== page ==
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Plankton is the basis for the entire marine food web - and it is under threat. From the Mediterranean to the Pacific, animals have been struggling to survive, due apparently to changes with plankton.
Food chains represent the greatest interdependency within the webs of life. The marine food chain, for instance, is essential for oceans - and depends on plankton. But environmental changes and human activities may be threatening plankton - and therefore all marine animals.
According to a recent study, the biomass of sardines and anchovies has been decreasing at alarming rates in the Mediterranean Sea. At the same time, sea lions are struggling to forage on the coasts of California. Both cases have shed light on how a single food chain element can affect all others.
While it is still unknown whether species will be able to adapt to new conditions, the marine food chain is already experiencing drastic changes - and plankton plays a crucial role across the board.
"If anything happens to the plankton, an immediate cascade effect will take place on the food chain," Ivan Nagelkerken, a University of Adelaide's biology professor, told DW.
Building blocks of life
Plankton are tiny aquatic organisms that drift through the sea, forming the basis of the marine food chain.
For plankton, both quantity and quality - in terms of nutrients - affect life up the food chain.
"If the quantity of plankton is the same but less nutritious, the next animals on the chain will be weaker and smaller," Claire Saraux, researcher at the French Research Institute for Exploitation of the Sea, explained to DW.
Saraux said it's not easy to determine why plankton changes. "But there are three main possibilities: the water temperature, a lack of nutriments or pollution."
A study published in "Global Change Biology" estimated than an increase in ocean temperature due to global warming would cause phytoplankton and zooplankton biomass to decrease by 6 percent and 11 percent, respectively, by the end of this century.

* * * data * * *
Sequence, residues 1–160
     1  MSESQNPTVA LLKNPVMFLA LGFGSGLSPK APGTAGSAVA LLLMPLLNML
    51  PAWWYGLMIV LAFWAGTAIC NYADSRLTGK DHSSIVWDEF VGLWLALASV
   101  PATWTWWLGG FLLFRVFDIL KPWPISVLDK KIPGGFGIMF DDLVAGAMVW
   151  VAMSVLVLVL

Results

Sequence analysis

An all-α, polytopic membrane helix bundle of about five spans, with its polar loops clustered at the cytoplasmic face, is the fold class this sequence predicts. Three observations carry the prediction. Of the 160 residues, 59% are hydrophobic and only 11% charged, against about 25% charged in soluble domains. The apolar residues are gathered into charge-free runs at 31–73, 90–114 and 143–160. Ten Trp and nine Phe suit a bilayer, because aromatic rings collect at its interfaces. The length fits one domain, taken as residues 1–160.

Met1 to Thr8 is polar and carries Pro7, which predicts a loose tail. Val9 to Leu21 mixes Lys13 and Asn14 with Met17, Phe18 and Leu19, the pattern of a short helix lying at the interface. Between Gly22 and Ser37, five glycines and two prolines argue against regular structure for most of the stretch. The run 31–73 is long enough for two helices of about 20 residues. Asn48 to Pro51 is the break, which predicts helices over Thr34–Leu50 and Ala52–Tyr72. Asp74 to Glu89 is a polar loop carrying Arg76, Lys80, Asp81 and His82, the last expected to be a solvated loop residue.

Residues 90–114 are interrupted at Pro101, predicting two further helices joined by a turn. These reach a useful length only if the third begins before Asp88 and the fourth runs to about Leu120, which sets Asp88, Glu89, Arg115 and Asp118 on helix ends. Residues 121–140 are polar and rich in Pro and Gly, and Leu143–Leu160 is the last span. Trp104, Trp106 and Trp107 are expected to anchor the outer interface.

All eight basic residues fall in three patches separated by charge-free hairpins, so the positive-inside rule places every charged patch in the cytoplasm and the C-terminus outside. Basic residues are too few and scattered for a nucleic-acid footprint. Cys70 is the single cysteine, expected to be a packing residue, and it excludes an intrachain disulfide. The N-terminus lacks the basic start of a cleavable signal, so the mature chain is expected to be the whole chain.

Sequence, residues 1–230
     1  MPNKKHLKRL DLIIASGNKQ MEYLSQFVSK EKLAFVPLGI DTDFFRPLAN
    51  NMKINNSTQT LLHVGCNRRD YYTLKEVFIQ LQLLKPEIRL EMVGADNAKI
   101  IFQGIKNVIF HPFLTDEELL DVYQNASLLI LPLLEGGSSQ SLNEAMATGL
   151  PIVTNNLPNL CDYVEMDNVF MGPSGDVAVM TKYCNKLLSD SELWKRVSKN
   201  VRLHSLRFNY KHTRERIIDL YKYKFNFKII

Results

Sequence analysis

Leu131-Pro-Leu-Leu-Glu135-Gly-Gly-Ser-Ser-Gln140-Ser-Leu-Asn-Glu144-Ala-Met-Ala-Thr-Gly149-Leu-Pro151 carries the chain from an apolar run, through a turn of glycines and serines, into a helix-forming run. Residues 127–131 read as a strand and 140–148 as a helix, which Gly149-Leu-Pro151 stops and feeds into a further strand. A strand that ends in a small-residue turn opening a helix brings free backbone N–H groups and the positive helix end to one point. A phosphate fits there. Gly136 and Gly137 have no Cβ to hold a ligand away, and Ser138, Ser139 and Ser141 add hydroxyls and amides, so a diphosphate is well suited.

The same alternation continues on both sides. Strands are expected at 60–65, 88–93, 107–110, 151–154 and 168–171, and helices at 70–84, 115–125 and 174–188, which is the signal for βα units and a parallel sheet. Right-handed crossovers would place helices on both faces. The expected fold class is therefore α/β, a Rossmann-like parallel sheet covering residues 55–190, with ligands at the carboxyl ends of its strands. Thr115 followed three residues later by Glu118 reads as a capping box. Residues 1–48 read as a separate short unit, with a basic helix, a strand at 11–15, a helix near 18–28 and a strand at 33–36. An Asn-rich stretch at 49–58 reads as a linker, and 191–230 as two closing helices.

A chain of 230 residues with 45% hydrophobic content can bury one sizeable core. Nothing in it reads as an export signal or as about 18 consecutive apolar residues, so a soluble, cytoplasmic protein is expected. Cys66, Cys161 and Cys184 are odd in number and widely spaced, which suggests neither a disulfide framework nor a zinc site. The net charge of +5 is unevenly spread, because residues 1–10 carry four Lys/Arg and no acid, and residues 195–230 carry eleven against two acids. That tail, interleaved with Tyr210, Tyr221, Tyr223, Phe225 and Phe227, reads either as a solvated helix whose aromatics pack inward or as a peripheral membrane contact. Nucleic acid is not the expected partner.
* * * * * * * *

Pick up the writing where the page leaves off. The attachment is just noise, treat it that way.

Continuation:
As Saraux explained, plankton consume nutriments that arrive to the sea from rivers and wind, so changes in natural currents - facilitated by climate change - may also cause a loss of quality of plankton.
The third option, pollution, is mainly a result of human activities.
Up the food chain
"The sardines and anchovies are eating new species of plankton with fewer calories," Saraux said. "And this has probably caused the reduction of their biomass."
Over the past 10 years, the biomass of sardines - that is, the combined weight of all the fish - in the Mediterranean Sea has decreased from 200,000 tons to less than 67,000 tons. The biomass of anchovies has decreased in same proportions.
As Saraux explained, disappearance of the plankton species the fish had eaten in the past led the fish to eat another, less nutritious species of plankton.
According to her team's finding, fish with limited energy reserves reproduced instead of growing larger and surviving longer.
The team was not surprised by this behavior. When animals feel in danger, they prefer to invest their energy in reproducing. As result, sardines and anchovies barely reach the age of 2, while they used to live up to 6 years.
The domino effect
Across the world from the Mediterranean Sea, on the Pacific Coast of California, sardines and anchovies have also declined over the past decade - as a result of less plankton, a study speculates. There, scientists have looked at how sea lions are struggling to forage.
Breeding females have had to go for lower-quality food, resulting in less and poorer food for their pups, reads a study published in March 2016 in "Royal Society Open Science."
According to the scientists, although adult sea lions may survive under a low calorie diet, their pups will probably not.
Sea lions are struggling to feed their pups
The future of marine life
Nagelkerken said that theoretically, species can adapt - "as they have done over millions of years."
In previous oceanic fluctuations, species were able to adapt gradually, over time. Those that had beneficial adaptations could reproduce and pass on their resiliency to next generations.
"But changes nowadays are so fast, that they may not have enough time," Nagelkerken added.
For Saraux, determining the cause behind plankton variation is key to forecasting future scenarios. "If natural changes in wind currents are the reason, the situation may become stable again," she explained.
But if human activities like pollution and global warming are found to be the main problem, the situation will worsen. Pollutants persist for very long time in ecosystems - and Saraux believes that even if we start now strictly acting to counter climate change, the damage may already be irreversible.
"It may be too late to stop what is causing the plankton to change."